Over Bingley Moor, I went through Cullingworth to Oxenhope where I joined the TDF stage 2. There is a good steady climb from Oxenhope up to ‘Cock Hill’ on to the moors. At the top, it is quite high at 1,400ft, (400m) It is a fairly steady gradient, not too bad with the wind behind you. I was stopped at two sets of temporary traffic lights, as the council work furiously to get the road ready for the ‘big race’

From the top of Oxenhope moor, there is a great sweeping descent into Hebden Bridge. Not too steep, just nice and long. It will make a good climb the other way, with quite a significant height gain of over 280 metres. At Hebden Bridge, I had a vague idea to look for Mytholm Steps, but my OS map didn’t go that far. I ended up going miles past, ending up in Todmorden. I stopped to ask a kind elderly gentlemen, (he had a badge to say he was a veteran of the Normandy landings). He’d lived in Todmorden all his life, and told me I’d come 7 miles too far West. It would have been interesting to stop and talk to him more. But, I moved onto find some climbs.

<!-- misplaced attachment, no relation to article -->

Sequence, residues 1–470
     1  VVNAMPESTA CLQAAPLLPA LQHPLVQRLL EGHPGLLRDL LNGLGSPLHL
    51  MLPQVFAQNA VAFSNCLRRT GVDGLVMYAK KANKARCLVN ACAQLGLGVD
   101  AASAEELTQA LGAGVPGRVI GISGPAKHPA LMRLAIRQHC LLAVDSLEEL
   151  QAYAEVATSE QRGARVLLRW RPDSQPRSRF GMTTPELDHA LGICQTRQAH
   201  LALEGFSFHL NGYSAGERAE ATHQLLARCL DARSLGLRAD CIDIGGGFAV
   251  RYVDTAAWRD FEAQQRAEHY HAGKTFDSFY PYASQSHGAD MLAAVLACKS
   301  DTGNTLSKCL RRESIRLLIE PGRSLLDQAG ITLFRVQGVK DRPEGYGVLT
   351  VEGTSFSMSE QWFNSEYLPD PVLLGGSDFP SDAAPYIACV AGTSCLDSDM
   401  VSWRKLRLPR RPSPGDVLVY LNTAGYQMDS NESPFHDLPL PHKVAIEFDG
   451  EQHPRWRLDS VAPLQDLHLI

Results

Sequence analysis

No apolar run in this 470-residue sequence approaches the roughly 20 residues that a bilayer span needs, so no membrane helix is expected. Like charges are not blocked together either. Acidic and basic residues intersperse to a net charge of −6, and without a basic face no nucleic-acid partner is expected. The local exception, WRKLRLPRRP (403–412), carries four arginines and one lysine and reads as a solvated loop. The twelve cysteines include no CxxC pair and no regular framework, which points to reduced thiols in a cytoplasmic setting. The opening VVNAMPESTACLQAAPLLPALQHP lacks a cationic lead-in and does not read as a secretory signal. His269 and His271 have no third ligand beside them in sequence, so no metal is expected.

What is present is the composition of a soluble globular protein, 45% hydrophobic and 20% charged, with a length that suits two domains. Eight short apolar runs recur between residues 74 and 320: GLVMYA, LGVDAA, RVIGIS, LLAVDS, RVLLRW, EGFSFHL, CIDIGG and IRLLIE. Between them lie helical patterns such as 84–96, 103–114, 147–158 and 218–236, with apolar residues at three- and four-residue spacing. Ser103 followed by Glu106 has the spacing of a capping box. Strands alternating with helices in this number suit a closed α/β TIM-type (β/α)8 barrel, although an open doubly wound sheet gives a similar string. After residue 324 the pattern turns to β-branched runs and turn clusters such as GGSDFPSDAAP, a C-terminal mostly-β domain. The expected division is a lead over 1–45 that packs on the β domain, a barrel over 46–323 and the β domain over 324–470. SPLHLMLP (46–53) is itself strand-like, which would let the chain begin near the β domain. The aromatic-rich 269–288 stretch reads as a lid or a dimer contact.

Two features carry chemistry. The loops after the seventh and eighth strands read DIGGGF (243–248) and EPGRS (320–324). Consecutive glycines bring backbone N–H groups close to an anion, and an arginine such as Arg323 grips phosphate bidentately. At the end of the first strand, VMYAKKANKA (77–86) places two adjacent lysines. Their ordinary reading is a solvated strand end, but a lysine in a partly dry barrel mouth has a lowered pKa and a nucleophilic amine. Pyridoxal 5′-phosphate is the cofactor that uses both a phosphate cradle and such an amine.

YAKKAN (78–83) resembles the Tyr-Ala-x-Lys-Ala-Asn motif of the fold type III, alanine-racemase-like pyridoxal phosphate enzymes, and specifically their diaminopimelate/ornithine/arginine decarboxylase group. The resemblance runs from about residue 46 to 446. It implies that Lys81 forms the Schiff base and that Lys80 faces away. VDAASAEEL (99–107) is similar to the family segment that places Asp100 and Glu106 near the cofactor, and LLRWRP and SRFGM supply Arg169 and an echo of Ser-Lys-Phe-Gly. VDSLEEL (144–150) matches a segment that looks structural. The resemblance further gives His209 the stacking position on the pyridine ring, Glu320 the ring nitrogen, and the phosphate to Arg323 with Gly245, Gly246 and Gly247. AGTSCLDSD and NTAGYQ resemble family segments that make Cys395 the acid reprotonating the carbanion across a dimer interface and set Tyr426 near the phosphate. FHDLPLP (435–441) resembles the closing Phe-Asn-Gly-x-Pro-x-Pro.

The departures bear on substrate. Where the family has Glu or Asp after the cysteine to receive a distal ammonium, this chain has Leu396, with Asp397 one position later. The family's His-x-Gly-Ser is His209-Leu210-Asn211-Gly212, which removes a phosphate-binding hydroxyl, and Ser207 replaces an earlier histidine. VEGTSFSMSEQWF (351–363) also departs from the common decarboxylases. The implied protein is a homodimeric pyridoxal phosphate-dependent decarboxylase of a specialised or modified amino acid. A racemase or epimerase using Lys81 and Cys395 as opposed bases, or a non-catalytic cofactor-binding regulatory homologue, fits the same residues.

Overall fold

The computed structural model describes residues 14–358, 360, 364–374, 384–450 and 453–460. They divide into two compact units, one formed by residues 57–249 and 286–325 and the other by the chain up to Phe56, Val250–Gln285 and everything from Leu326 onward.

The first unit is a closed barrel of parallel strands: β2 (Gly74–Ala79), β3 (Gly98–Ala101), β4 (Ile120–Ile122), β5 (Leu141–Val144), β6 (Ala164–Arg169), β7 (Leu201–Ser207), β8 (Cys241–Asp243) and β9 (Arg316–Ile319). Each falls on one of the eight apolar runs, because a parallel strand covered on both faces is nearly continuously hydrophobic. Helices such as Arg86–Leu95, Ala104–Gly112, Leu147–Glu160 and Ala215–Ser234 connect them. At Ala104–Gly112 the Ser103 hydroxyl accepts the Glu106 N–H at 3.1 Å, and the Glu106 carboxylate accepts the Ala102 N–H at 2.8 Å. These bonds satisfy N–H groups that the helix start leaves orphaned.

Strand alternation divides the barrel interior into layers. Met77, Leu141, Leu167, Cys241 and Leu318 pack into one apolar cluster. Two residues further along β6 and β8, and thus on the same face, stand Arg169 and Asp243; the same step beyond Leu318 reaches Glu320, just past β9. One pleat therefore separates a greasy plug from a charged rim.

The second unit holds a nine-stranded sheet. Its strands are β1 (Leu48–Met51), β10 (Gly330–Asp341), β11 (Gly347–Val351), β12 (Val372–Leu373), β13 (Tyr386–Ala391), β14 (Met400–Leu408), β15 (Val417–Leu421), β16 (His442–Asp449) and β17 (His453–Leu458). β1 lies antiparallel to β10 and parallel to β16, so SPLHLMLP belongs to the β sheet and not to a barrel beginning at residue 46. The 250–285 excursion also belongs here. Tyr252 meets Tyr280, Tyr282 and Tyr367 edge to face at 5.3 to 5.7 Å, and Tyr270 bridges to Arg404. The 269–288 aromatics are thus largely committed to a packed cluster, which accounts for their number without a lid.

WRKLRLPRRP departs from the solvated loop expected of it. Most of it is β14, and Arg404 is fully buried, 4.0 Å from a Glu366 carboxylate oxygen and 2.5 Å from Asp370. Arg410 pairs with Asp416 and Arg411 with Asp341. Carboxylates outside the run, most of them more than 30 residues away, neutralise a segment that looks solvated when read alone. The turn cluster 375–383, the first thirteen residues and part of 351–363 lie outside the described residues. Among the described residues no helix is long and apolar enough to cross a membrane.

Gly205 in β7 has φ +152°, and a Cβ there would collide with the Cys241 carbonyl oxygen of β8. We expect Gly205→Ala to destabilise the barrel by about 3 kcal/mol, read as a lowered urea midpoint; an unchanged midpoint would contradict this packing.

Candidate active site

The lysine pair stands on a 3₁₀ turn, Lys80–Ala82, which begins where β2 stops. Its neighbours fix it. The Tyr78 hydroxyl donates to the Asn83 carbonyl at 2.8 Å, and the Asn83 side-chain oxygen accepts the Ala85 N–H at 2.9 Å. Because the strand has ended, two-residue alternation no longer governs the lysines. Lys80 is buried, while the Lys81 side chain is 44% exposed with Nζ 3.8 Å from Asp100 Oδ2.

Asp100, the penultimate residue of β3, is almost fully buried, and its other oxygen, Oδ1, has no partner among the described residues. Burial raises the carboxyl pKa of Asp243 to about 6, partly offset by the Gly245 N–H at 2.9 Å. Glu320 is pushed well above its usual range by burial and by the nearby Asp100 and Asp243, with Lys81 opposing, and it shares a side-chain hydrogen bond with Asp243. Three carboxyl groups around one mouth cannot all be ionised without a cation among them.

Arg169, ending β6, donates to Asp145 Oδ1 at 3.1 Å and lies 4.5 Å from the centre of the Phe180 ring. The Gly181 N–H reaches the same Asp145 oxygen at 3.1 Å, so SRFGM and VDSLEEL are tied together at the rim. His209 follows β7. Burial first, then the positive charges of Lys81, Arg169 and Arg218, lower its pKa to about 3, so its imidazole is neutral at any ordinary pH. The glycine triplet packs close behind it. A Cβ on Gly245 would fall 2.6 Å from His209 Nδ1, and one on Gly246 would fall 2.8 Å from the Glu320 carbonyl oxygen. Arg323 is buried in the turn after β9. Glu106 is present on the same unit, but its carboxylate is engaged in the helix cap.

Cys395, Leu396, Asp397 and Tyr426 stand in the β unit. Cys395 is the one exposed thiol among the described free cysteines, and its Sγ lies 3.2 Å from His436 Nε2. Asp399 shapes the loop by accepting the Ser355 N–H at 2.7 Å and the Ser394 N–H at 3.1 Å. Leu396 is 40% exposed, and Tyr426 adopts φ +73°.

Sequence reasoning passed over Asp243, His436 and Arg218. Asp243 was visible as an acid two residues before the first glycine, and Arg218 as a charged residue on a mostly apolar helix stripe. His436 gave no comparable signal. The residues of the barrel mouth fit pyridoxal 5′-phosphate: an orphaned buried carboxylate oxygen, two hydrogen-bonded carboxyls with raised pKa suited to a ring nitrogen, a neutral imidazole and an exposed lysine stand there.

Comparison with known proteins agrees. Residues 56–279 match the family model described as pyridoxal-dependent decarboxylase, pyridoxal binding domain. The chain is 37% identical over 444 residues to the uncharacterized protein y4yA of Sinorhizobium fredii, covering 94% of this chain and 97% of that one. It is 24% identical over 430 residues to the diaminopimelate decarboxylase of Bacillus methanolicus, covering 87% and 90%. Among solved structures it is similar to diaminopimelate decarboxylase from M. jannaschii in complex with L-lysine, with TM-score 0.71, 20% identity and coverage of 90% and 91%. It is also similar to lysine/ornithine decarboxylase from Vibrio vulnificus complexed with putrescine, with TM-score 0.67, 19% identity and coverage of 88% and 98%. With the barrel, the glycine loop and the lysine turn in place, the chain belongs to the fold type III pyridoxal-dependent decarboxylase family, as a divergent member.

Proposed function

Todmorden in the distance on Pexwood climb – the climb to a private house and a dead end

I saw this Pexwood lane, looking suitably interesting – winding it’s way up the edge of a moor. It was a great climb, with double switch backs – quite steep until it rather abruptly stopped at a ‘Private rood’ sign. I might have plodded on and tried my luck, but the road also deteriorated into an unmade surface. I turned around and went back  to Mytholmroyd for the Cragg Vale climb.


Cragg Vale

Cragg Vale proudly claims to be the longest continual ascent in England. 968 feet of climbing in 5.5 miles. There is nothing steep, it is a classic long drag or as Magnus Backstedt would say ‘A big ring climb’ Though I didn’t use my big ring, despite an encouraging tailwind. But, it was possible to keep a nice steady speed, even at the steepest section halfway through.

Cragg vale

Even at its steepest, it never seems to go over 7%, so you can do the whole climb seated down. It’s a good ‘easy’ taster of long Alpine climbs. You can get into a good rhythm and enjoy the scenery. Someone has put helpful km markers, telling you have long you have left. Though for some reason, who ever put these helpful markers on the road, decided the top of the climb was after -0.5 km of downhill. It did seem to kind of diminish the ‘longest continual ascent in England’ tag.

Cragg Vale